@robinjewsbury, I think you hit the nail on the head with “so long as the transition to the new way of working is not sudden and everyone can adapt.” I suspect that this will not be the case; look at how rapid recent progress has been in self driving vehicles for instance. I don’t see how governments can create policy to slow this rapid advancement. Firstly, it would take a global consensus that is very unlikely, and secondly, the rate governments can create policy is significantly slower than the rate of technological advancement. I’m sure new jobs and industries will open up as a result of technology, as it always has done, but the middle that @jamestabor described is in for a difficult 10-15 years.


    @paulharrison you make a very good point and I am concerned you could be totally right. However, I think whether or not a government slows down a technology is purely down to public opinion (and not international competition) and I do think this issue needs to be discussed openly and widely so people understand its importance – the unions and labour party will be supporting the delay point of view. Whereas I personally have never supported delays by government on Technology I now think its something all parties should be concerned about.

    Just look at the Heathrow decision which has taken 10 years – the delay has been down to the government worrying about the opposition to the project and the delay has affected our position in air travel worldwide. In fact government is very adept at causing decision delays.

    I am sure that China will allow self drive cars before any western country regulation authority allows it – I am not saying they should not open up to it, but they need to do it slowly so the affect on jobs and society as a whole is not catastrophic and this can be at the expense of our efficiency in the world economy. China itself will be at risk of social disruption if they allow the tech to take hold too quickly and they will not hesitate to intervene when they realise what’s happening.

    No doubt its going to be a tough next 20-30 years for many ordinary people but at the end of that period life will be much better for everyone and it will be the end of low paid boring jobs – so its the most disadvantaged who gain the most; hopefully its this vision which will save us.


    @robinjewsbury @paulharrison The UK government are masters of fence sitting and pandering to the masses. If it wins them votes they’ll do it, in many cases regardless on the consequences. My big concern is that the public’s perception of AI is Skynet or the Cylons. Therefore the government will regulate it to the point of hindering advancement (ca. GMOs and therapeutic uses of illegal drugs).

     Paul Imre 

    Is everyone on this thread snoozing?
    The news seems to be alive with opinion at the moment, example, Bill Gates suggests taxing Robots.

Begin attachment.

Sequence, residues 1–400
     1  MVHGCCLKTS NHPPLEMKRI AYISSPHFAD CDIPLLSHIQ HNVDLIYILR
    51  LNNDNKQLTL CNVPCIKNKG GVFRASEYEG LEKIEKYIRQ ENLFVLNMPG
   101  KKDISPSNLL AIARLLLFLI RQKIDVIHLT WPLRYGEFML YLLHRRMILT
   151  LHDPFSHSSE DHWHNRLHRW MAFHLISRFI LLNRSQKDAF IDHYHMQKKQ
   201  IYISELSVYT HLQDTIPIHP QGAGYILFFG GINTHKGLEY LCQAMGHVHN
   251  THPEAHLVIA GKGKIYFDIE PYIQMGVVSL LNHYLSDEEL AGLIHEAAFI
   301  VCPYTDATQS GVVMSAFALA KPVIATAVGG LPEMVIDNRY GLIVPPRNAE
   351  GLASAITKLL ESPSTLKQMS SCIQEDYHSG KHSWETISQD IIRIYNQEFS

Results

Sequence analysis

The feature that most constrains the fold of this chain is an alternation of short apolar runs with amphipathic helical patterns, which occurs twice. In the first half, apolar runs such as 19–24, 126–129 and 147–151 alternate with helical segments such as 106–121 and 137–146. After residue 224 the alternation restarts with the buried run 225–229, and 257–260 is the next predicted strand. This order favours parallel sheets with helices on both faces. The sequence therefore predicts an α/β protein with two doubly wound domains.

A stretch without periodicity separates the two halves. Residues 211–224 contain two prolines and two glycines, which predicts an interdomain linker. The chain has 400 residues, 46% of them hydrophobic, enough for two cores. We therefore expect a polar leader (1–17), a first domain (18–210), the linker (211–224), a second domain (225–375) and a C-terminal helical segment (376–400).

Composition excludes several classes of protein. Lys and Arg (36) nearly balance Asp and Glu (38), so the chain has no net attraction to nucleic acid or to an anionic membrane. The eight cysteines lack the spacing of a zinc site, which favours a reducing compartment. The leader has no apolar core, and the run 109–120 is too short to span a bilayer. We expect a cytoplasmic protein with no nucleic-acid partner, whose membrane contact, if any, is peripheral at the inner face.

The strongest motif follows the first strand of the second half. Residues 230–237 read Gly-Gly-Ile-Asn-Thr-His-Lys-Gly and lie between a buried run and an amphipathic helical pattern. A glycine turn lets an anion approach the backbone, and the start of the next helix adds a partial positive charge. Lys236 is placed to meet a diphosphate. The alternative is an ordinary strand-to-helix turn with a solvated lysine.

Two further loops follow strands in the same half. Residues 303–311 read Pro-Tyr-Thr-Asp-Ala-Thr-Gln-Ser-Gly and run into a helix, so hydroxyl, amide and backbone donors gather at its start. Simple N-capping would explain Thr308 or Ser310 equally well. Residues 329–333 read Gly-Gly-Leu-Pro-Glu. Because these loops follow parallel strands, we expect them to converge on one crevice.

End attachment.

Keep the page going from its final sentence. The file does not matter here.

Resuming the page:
The journalist, Paul Mason, in his book on postcapitalism suggests taxing capital as a way forward. How can you continue to tax labour when people are out of jobs?
    By some estimates well over 40% of jobs will go. This will be the economic singularity and this will occur well before the general artificial intelligence singularity.
    Countries such as Finland are already experimenting with minimum incomes.
    If people are out of work, who will buy the goods? The top 1% will certainly not buy 100,000 iphones at a time each. It would appear that consumption will be lost. Are we about to see a total breakdown in our economic models? And shouldn’t someone wake up the people in control of the wheel before we go careering off a cliff?


    Strongly agree with the above comments around a wage without a role is not something we should aim for. Especially if that ‘wage’ is relatively minimal, you will end up with a huge number of very bored and disenfranchised people who are just getting by.

    We need to aim for a world where the automation, AI, robots etc. enrich our lives and enable us to pursue ‘higher’ goals, whatever they may be. Whether this is more thought leadership roles, more arts and creative work or other new things I don’t know.

    As well as driving the technology, I think those of us who understand this space and see what may be coming have a responsibility to help work out how this can lead to a better world for all.

    How can we use these advances to improve everyones lives?
    How can we use these advances to lead to more fulfilling lives?
    How can we use these advances to spread health / wealth / improve lives globally?

     Paul Imre 

    @kevin_1 you are asking all the right questions.

    However, there is a big BUT. 1st mover advantage is massive and could mean life or death for many a business. Take Amazon as an example. They are going the whole hog with technology. Stores with no staff, drone deliveries and robots to pick goods from shelves. Very few employed, all the profits amassed and little to come back to society via trickle down. Yet Amazon uses all of the infrastructure paid for by others through their taxes. Who can possibly compete with Amazon and provide the jobs? It is a race to the bottom.

    If there are no jobs and the pie is getting bigger through improvements in productivity, how then do you share the benefits? Basically your last three questions.

    If people can not earn then what can you do? Our current models break down, just as the laws of physics change as you approach the singularity.

    We know that there will be some zeros getting plugged into the traditional economics graphs and that these formulae will speak back nonsense to us. We know this, we can see this and we have some time. Inaction will surely lead to riots and tyranny.

    Back to the minimum income with all of the warts that you mention. Is there another way? With the time that we have, these and similar are questions are the ones that we need to think about. Some want to bring back old jobs, open up coal mines and smash the machines. History would suggest that momentum is always forwards and where exactly is the destination that we are headed for?

    Perhaps we should ask the Greek philosophers.